Time‘s Andrew Rotherham asked the Education Secretary why he was putting down Texas schools, and got no real answer. Here’s the story:
Policy wonks like me had woken up to baffling reports that Duncan told Bloomberg Television’s Al Hunt that the Texas school system “has really struggled” under Rick Perry, the GOP governor who just announced he is running for President. “Far too few of their high school graduates are actually prepared to go on to college,” Duncan said in the TV interview, which is scheduled to air this weekend, telling Hunt that he feels “very, very badly for the children there.”
When I asked Duncan about this dire assessment in an interview I had scheduled today for my next School of Thought column, the former head of the Chicago school system was light on specifics:
“Texas has challenges. The record speaks for itself. Lots of other states have challenges too. But there is a lot of hard work that needs to be done in Texas and a lot of children who need a chance to get a great education.”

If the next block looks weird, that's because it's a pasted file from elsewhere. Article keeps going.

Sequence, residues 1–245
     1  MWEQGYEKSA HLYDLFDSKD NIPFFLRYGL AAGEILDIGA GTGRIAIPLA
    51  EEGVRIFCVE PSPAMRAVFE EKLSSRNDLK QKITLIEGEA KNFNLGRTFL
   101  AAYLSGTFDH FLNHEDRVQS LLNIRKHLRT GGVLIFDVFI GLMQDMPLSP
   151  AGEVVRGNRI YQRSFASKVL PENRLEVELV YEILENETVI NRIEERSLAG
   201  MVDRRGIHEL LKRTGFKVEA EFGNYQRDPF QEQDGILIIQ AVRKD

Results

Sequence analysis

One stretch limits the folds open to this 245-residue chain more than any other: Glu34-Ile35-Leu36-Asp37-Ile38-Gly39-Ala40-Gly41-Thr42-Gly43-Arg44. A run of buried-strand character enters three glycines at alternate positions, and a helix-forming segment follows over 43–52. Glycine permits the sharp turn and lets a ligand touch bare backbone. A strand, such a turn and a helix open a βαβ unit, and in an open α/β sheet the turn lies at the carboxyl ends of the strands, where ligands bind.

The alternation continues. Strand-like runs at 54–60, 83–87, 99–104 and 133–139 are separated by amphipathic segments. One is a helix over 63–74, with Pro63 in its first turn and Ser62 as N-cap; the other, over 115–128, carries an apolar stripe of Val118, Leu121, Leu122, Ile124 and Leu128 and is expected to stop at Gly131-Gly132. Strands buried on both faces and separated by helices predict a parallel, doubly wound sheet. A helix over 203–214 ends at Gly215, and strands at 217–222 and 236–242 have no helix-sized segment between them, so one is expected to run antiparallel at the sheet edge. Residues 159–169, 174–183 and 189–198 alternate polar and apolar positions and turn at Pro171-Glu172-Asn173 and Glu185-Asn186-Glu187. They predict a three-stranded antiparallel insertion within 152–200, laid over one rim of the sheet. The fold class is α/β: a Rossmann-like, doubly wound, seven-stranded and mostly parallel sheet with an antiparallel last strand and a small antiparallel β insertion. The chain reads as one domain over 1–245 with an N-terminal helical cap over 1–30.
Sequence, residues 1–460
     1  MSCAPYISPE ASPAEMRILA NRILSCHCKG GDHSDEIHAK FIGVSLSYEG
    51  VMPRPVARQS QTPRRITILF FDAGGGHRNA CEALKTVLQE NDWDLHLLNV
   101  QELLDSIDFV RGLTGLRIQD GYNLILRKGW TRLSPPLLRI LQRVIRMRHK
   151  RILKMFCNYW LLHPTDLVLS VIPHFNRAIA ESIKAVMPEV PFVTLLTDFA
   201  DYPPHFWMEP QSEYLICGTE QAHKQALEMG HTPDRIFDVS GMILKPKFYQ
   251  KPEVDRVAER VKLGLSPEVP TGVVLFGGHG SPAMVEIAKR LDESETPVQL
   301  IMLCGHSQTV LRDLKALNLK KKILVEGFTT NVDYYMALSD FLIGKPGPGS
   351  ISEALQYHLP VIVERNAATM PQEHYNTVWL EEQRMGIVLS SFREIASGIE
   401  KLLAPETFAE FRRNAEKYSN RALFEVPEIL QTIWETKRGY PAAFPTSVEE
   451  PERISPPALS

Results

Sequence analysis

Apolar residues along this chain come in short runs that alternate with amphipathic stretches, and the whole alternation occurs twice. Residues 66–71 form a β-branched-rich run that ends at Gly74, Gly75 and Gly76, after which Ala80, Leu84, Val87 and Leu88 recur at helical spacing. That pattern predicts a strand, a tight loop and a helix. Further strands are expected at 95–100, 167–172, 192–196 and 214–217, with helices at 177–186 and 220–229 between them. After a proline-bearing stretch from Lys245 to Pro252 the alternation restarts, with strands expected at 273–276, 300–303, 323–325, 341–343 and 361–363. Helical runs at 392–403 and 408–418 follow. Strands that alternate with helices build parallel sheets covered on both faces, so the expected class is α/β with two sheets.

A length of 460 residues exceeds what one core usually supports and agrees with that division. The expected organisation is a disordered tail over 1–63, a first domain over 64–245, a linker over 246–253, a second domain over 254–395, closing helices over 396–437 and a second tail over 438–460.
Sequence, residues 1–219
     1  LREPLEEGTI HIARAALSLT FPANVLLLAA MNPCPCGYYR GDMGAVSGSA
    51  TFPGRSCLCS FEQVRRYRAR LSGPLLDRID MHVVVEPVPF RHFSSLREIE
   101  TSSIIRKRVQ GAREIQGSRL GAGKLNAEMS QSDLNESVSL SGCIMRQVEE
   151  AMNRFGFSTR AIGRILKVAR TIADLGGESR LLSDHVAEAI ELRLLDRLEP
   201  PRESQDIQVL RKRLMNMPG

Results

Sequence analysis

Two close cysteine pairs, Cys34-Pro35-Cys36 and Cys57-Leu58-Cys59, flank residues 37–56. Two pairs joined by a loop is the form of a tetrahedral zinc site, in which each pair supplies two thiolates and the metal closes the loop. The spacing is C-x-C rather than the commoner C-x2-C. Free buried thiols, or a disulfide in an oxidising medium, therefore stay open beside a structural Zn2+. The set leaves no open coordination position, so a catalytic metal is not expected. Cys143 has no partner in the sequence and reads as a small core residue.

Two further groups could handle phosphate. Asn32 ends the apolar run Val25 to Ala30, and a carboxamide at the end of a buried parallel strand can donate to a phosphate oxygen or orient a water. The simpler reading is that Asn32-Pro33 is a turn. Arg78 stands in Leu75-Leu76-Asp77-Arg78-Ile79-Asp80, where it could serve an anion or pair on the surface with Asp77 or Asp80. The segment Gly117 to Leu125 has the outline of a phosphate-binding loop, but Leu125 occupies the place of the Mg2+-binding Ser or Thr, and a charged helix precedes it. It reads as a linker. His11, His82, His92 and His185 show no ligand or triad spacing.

But what about the fact, I responded, that on the National Assessment of Educational Progress (NAEP), Texas’ fourth- and eighth-graders substantially outperformed their peers in Chicago in reading and math?
“I would have to look at all the details, but there are real challenges in Texas. And like every other state, they should be addressed openly and honestly as in Illinois, as in Chicago, and everywhere else.”
Confused? Me too, and I do this for a living.